Over 21 weeks this summer Paddle Manitoba ran and supported Wednesday evening paddles at La Barriere Park. This is a tradition that was started in the early 1990s and has continued without fail ever since. I hope these paddles will continue for many more years to come. This year the outings moved from Tuesday to Wednesday; this change caused me, and participants, some confusion since I continued to refer to them as ‘The Tuesday paddle on Wednesday’ for most of the summer. Over the summer we had 280 participants with an average of 13 paddlers each week. Only one week over the summer was cancelled when I was away elsewhere on a canoe trip.
Over the last 6 years of my involvement with evening paddles the magic has been the weather and the participants. With the exception of one day in May two years ago the weather has been perfect. The one cancelled paddle was due to 60km/hr winds and over 10cm of snow that fell during the day and evening. The rest of the weeks may, at times, have had rain, hail, snow and wind just before, or just after the paddle but never during.
Each week a wide variety of participants came out to join me for an evening of quiet paddling, nature observation, skills assessment, or just to chew the fat. I learned as much about canoeing and people as anyone else – everyone, including those that were out for the first time had something to add, see, or experience. It was a treat for me to have so many people out that had rarely or never canoed before. The help provided by others with more experience was greatly appreciated by both myself and the new comers.
This summer was the busiest that I have experienced as an evening leader. There was an excellent article in the Free Press titled "Water, water everywhere" by Tracey Bryksa on June 3, 2006. The article raised awareness and brought out many people through June, and much of July. Over the few days that followed the article I had over 100 phone calls from people wanting to come, paddle, and experience the river and a quiet evening. Unfortunately, space was limited and I was distressed to turn many people way. The association with Fort Whyte Alive! combined with word of mouth continued to fill paddles for the rest of the summer and fall.
Each week was filled with the typical conversations about paddling, skills/mini lessons, equipment, where to rent, the last trip/or where to trip, and much more. We also had a chance to observe nature in its many forms. Many deer were seen, some of which were interested in us and followed the canoes along the shore – probably trying to figure out what those strange looking water creatures were. There were always a number of Killdeer in flight and the Great Blue Heron again graced us with its sight. I was surprised to see a very large snapping turtle, along with many smaller painted, over the summer. I have seen many snapping turtles elsewhere in the Red River valley but this was the first time above the dam on the La Salle. One of my interests is in the area of plant identification and edible wilds. I enjoyed having a captive and interested audience to show different plants and what could be eaten. One interesting sight was the appearance of wild rice along the river near the dam. Next year we will see if it continues to grow and spread.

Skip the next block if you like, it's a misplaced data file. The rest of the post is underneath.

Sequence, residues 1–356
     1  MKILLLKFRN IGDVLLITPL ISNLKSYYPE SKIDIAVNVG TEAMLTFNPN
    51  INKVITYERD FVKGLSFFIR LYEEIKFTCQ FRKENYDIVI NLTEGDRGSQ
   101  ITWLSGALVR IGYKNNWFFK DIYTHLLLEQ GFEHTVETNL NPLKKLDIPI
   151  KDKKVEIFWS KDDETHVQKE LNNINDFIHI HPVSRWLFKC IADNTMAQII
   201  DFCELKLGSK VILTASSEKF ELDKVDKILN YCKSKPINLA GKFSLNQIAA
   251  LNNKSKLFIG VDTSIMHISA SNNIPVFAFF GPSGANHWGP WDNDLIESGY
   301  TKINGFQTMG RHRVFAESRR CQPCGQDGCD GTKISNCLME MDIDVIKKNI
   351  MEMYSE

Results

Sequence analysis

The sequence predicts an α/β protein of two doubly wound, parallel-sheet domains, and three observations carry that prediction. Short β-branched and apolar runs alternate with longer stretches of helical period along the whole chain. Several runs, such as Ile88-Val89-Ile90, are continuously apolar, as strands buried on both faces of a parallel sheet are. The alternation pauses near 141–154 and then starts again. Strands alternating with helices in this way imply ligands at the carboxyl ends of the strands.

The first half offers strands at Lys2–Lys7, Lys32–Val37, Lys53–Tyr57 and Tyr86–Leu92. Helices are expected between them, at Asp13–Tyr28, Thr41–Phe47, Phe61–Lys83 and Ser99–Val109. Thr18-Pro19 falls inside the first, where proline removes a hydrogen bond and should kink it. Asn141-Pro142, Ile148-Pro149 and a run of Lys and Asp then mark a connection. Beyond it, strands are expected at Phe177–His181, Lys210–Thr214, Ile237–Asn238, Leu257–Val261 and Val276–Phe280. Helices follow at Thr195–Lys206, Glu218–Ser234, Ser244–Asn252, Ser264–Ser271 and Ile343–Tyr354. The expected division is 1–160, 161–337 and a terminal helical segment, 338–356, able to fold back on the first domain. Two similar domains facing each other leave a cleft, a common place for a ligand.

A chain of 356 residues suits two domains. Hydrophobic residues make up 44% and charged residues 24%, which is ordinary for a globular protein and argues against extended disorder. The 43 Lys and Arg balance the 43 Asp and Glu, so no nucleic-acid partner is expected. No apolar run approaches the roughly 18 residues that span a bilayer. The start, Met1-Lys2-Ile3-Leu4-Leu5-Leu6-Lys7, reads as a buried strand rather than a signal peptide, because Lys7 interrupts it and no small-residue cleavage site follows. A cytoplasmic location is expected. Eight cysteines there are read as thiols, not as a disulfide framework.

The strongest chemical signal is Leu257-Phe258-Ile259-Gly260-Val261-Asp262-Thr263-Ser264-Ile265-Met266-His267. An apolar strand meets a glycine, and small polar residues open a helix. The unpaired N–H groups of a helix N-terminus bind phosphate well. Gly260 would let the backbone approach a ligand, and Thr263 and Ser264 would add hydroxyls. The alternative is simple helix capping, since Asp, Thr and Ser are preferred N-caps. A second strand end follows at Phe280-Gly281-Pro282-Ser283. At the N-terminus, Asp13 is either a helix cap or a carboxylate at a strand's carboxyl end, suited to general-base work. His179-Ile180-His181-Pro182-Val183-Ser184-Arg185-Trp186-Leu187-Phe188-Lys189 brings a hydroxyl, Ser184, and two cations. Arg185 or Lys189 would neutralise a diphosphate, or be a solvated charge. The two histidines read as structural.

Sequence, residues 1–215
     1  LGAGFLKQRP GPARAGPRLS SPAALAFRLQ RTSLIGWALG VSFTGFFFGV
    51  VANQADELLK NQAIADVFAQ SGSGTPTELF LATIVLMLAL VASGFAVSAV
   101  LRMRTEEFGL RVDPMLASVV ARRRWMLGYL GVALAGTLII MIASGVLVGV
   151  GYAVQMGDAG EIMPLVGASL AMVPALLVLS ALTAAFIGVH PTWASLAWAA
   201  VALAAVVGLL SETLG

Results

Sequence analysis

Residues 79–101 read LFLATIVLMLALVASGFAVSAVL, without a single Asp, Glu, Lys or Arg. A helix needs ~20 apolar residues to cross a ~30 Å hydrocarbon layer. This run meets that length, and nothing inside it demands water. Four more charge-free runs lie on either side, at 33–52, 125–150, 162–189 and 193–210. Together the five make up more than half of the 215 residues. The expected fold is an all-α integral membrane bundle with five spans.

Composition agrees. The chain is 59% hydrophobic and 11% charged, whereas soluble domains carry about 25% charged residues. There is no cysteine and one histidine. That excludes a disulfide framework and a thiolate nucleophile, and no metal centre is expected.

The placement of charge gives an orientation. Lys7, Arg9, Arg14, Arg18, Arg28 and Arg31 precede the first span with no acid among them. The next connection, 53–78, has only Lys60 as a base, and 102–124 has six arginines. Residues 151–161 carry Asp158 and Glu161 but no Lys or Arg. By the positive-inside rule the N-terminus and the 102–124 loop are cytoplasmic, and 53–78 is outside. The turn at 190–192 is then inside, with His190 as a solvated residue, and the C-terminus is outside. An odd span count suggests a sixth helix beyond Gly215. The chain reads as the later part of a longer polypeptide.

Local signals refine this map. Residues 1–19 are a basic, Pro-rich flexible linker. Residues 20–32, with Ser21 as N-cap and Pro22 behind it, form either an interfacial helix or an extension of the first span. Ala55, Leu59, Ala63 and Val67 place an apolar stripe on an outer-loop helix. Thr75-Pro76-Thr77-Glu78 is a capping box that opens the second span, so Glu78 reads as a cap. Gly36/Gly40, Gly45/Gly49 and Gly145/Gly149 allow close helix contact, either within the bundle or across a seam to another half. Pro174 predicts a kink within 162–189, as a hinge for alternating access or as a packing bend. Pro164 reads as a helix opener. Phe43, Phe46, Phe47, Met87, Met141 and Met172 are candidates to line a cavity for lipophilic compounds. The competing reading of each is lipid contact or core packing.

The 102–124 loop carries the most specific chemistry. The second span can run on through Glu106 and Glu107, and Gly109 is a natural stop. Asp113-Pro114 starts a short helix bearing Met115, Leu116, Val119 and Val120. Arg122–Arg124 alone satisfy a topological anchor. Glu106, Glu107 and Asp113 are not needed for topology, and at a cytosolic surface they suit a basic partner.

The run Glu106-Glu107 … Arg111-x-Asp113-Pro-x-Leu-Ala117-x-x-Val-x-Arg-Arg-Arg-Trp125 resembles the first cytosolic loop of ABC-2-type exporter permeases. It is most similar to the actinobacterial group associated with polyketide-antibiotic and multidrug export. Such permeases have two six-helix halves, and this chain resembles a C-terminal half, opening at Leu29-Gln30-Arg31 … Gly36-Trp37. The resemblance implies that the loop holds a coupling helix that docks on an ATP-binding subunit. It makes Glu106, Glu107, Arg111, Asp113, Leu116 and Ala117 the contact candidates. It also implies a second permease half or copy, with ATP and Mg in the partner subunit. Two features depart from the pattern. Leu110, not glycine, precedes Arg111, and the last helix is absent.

The vast majority of participants were new to Paddle Manitoba and many had either never paddled or had not paddled for many years. Most weeks there was at least some portion of my time dedicated to showing new paddlers the basics of canoeing and how to keep away from the bank, and maybe go in a straight line. A number of participants had taken courses over the summer and wanted a chance to practice or brush up on their skills. Many wanted pointers or suggestions on their paddling technique. A few individuals had plans for trips and wanted a warm up, or in some cases help with skills and suggestions, before heading out. On at least a couple of weeks I had the opportunity to demo canoe-over-canoe rescues. Several of the canoes needed to be washed and this provided a good learning opportunity to demonstrate some rescue techniques. I was delighted when Brent, remembering I had more canoes to clean, brought out an old mop to slosh around in the submerged canoes.
One exciting outcome of these paddles was the chance to arrange paddles for groups of individuals on a different evening. Trying to arrange for a larger group to come out to Wednesday evening was a problem because of the popularity and limited space. With encouragement from one of the participants the Boys and Girls club came out one Wednesday evening and then arranged to come out several more times over the summer on other nights.
The board of Paddle Manitoba should be congratulated and thanked for continuing to support evening paddles as an excellent way to promote canoeing and paddling awareness in Manitoba.
Thanks goes to Brent, Chris, Greg, John, and the others whom I don’t recall, who often brought their own canoes and graciously took new paddlers out with them or passed on their knowledge and skills.
On a final and personal note I could not have done all of these paddles without the help of my friend Brent. I really appreciated his willingness to give me, and my canoe, a ride each week to the park.
See you next year on the rivers and lakes
of Manitoba and beyond.
Thanks for a great summer.
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Email: burc...@cc.umanitoba.ca Last modified: Sat Oct 23 07:21:02 2010